Tom Robinson is the client whom Atticus must defend in court: a young Black man accused of beating and raping Mayella Ewell, a white girl. While he is the central topic of the town’s gossip prior to the trial, there are a number of details about him that go unmentioned until he is testifying on the witness stand. Perhaps the most important of these details, as far as Atticus’s defense is concerned, is that Tom is crippled, his left arm having been caught in a cotton gin as a child. He also has three children and has worked the fields for Mr. Deas for eight years, yet the sole subject of the town’s discourse prior to the trial revolves around his race and the qualities they assume he possesses because of it. Lee’s choice to withhold more personal details from the reader until Atticus brings them to light in court illuminates the dramatic extent to which the town dehumanizes him. 

The questions that Atticus asks Tom on the witness stand, however, work to reveal his true nature as someone who is compassionate and hard-working. He sympathizes with Mayella as he sees the struggles that she faces during his daily walks past the Ewell house. Tom’s willingness to help her complete jobs around their property for free highlights his good-natured and unassuming character, qualities that work to align him with the mockingbird motif throughout the novel. Despite this portrayal of innocence, the jury ultimately decides to reject both his narrative of events and his identity as an upstanding citizen in favor of an accusation which maintains the town’s assumptions about race.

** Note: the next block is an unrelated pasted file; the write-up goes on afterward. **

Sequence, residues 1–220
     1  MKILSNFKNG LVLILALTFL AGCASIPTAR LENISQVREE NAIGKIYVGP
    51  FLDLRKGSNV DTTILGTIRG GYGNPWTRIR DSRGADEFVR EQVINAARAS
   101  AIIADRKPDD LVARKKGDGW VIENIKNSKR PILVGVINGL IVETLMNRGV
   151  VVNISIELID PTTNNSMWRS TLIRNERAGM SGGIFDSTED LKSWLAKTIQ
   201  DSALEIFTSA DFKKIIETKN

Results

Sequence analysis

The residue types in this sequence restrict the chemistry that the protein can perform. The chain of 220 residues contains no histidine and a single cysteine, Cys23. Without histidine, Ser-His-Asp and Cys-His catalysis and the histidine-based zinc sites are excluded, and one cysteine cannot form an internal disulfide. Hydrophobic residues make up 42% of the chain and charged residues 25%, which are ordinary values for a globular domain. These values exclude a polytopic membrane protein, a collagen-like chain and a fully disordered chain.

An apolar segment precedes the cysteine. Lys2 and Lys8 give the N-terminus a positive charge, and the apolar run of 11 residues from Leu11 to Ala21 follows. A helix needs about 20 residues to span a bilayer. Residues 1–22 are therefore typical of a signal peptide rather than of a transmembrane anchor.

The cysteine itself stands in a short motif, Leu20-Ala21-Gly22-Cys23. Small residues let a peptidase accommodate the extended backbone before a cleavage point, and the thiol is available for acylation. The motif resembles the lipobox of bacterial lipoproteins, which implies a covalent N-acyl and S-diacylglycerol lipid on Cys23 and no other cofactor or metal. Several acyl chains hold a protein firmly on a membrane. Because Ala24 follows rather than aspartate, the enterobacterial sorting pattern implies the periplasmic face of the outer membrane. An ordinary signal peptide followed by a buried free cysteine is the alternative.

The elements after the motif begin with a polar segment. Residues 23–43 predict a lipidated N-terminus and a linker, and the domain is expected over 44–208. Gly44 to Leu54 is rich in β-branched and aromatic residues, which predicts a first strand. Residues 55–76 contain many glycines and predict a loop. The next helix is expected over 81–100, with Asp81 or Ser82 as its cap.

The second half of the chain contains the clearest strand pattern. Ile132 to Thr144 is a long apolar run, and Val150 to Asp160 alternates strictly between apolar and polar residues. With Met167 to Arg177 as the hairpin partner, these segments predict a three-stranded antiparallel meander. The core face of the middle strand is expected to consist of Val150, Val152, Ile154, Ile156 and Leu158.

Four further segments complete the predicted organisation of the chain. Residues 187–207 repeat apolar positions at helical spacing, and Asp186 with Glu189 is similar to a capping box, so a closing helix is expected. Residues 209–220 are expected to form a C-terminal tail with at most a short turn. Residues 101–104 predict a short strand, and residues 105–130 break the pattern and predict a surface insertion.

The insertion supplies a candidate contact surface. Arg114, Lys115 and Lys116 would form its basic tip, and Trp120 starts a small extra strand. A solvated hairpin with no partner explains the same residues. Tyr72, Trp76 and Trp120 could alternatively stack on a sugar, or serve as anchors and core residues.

Seventeen bullets ultimately seal Tom’s fate as he tries to escape the prison yard after his conviction. While Atticus has plans to appeal the case to a higher court, Tom’s complete loss of hope in fairness under the law drives him to try to take matters in his own hands. He runs toward the fence, much like he had run from the Ewell’s house, in search of a freedom that the white men of Maycomb ensure he will never achieve. The image of Tom running emphasizes the overall sense of persecution that characterized his case from the beginning.